First published in EPLAW
Lord Justice Arnold returned to the High Court in March to hear a trial involving the validity and threatened infringement of six patents concerning the use of inhibitors (referred to as HIF-PHIs) of an enzyme called hypoxia inducible factor-prolyl hydroxylase (HIF-PH) for treating various types of anaemia and related conditions.
In a very technical and necessarily detailed judgment running to 132 pages, Lord Justice Arnold found that of all the claims in issue across all six patents, only one claim survived in an amended form and even then, that claim was not infringed.
Akebia and Otsuka sought to revoke six patents belonging to FibroGen to clear the way for their product vadadustat. Astellas, as the exclusive licensee under the six patents, brought a cross-claim for threatened infringement. Astellas had obtained a marketing authorisation for its own product, the first oral HIF-PHI product, roxadustat, in Japan in September 2019, and intends to launch the product more widely, including in the UK. (There were parallel proceedings due to be heard in the same trial involving two GSK companies and their product daprodustat, these were settled shortly before trial.) Daprodustat and vadadustat were undergoing Phase III trials at the time of the trial.
I cannot do the decision justice in a brief headnote. It covers interesting questions of excessive claim breadth, insufficiency, claim amendment, infringement of medical use claims, quia timet infringement, infringement by equivalence and the relevance of the prosecution history. In relation to the latter two subjects, Lord Justice Arnold allowed reference to the prosecution history, commenting that this was “one of those cases referred to by Lord Neuberger in Actavis v Lilly at  where it would be contrary to the public interest for the contents of the prosecution file to be ignored”.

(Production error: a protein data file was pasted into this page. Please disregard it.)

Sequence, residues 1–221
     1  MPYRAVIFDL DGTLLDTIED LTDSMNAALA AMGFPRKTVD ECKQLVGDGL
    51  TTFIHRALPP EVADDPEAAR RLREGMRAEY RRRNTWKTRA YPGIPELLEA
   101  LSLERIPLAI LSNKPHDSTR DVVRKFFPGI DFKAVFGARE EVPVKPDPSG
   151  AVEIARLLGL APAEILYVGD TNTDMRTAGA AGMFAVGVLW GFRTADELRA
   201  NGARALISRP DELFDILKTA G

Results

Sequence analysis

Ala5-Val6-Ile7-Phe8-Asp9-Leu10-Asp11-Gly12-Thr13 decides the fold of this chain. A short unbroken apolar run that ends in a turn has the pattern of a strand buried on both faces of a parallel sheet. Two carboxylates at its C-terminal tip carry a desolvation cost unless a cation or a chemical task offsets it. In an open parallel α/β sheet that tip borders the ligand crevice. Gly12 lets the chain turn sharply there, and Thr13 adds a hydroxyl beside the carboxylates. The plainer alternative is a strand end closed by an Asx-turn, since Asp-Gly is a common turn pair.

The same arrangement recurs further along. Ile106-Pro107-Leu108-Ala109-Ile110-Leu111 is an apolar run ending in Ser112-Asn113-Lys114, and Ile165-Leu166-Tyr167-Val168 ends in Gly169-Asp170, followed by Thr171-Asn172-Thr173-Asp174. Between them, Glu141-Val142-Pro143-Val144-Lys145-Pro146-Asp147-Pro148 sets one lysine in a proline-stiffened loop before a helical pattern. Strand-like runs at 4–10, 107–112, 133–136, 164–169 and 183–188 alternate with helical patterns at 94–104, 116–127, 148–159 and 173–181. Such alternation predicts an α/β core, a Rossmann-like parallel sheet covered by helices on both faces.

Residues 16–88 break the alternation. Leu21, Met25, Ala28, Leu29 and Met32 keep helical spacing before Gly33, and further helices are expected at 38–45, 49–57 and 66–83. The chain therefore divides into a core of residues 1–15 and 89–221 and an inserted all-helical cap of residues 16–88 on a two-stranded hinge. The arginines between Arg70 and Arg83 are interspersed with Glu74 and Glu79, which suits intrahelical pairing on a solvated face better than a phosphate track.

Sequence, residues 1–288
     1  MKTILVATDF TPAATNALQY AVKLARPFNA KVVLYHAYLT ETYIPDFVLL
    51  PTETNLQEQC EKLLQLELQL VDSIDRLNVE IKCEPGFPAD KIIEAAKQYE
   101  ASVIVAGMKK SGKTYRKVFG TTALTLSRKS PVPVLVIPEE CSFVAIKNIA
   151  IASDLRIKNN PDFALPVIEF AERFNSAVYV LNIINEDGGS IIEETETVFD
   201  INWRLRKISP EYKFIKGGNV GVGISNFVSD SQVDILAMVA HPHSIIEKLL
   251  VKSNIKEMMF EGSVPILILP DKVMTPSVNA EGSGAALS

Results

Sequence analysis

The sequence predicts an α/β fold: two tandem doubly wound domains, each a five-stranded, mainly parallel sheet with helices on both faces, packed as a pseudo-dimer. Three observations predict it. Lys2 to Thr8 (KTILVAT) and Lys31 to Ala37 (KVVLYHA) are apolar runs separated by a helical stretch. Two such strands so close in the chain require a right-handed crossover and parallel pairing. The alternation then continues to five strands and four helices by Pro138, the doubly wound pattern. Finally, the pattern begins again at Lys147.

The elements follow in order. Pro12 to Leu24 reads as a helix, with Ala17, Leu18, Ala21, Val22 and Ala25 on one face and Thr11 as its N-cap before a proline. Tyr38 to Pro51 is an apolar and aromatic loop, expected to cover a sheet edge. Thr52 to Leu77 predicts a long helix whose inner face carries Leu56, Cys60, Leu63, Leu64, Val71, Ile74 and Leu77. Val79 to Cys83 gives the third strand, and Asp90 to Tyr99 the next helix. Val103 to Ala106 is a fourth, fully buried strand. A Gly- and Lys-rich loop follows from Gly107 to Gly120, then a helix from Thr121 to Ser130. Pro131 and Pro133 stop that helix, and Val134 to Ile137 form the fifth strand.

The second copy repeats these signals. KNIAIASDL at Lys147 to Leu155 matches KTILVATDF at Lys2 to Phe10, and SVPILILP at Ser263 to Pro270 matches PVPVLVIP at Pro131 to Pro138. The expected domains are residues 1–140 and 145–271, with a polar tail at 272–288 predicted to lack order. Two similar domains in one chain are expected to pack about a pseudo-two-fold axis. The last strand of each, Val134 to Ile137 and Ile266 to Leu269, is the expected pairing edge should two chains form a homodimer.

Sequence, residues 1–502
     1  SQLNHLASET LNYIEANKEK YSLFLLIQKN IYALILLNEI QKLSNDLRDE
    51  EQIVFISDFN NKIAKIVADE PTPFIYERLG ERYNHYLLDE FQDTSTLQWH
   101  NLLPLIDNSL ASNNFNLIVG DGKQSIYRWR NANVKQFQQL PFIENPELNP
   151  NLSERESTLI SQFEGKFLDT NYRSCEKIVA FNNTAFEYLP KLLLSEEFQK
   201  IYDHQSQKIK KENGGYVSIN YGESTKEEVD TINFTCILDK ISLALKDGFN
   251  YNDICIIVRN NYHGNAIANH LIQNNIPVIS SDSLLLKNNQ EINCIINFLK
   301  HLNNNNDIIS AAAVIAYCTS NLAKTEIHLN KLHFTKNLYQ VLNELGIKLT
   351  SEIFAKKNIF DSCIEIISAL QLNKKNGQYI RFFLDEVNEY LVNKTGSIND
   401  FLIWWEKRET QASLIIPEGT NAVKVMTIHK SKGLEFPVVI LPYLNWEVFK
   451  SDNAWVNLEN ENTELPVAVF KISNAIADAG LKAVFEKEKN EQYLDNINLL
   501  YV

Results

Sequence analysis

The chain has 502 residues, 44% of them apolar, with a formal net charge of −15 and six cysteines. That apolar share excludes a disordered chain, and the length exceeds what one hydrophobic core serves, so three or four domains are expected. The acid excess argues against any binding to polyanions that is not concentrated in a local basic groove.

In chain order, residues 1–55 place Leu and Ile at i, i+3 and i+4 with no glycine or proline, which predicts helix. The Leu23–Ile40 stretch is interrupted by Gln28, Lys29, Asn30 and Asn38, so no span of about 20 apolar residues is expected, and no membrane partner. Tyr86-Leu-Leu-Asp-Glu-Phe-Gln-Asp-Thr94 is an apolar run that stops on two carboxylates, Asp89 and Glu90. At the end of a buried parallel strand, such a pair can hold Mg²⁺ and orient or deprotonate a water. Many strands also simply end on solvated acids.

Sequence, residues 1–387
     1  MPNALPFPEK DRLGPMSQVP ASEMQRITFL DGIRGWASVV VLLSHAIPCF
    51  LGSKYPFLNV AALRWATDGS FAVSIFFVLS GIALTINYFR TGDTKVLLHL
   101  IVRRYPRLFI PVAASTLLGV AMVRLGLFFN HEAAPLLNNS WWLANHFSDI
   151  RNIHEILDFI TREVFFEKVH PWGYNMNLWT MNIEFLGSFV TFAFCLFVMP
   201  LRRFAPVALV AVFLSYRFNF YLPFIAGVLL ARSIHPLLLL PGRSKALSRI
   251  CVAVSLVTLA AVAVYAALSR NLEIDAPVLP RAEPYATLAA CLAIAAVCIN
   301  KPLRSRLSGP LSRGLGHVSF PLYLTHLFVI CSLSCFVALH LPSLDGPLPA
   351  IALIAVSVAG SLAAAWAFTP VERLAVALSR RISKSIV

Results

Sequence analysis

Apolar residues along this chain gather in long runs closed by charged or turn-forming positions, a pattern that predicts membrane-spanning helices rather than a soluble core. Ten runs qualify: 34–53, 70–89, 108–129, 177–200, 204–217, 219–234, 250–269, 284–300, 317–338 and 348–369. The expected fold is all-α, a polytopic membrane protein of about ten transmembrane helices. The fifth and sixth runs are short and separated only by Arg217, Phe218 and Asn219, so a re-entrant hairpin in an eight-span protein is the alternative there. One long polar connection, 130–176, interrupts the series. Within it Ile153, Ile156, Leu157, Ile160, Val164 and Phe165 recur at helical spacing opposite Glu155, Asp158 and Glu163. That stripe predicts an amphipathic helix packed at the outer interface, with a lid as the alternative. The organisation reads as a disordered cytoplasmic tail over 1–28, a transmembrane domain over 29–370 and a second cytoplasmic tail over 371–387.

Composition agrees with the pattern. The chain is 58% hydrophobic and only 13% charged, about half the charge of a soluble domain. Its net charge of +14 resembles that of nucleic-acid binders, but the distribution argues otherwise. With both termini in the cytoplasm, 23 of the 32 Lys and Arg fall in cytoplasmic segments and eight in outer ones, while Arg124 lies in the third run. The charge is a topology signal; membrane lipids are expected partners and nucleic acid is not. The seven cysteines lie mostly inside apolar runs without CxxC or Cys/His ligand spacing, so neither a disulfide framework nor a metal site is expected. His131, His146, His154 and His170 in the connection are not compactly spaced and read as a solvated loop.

Of particular note to UK practitioners are Lord Justice Arnold’s comments on expert witnesses in patent cases and his guidance on primers:
- He gave a stark warning to patent practitioners over how experts should be instructed and cross-examined. He referred to guidance he gave in MedImmune Ltd v Novartis Pharmaceuticals UK Ltd and a comment he made in Merck Sharp and Dome Ltd v Shionogi that “too much time is spent by cross-examiners in patent cases on ad hominem attacks that are unfair to the witness, unhelpful to the court and waste expensive time”. He went on to re-iterate the “sequential unmasking” process that should be followed when introducing an expert witness to the prior art and the patent.
- Lord Justice Arnold was clearly frustrated with the lack of any primer in this case involving two moderately complex areas of science. He commented that in future, “the preparation of a technical primer should be regarded as mandatory in Category 4 and 5 cases unless there are good reasons to the contrary”.
The full judgment can be seen here.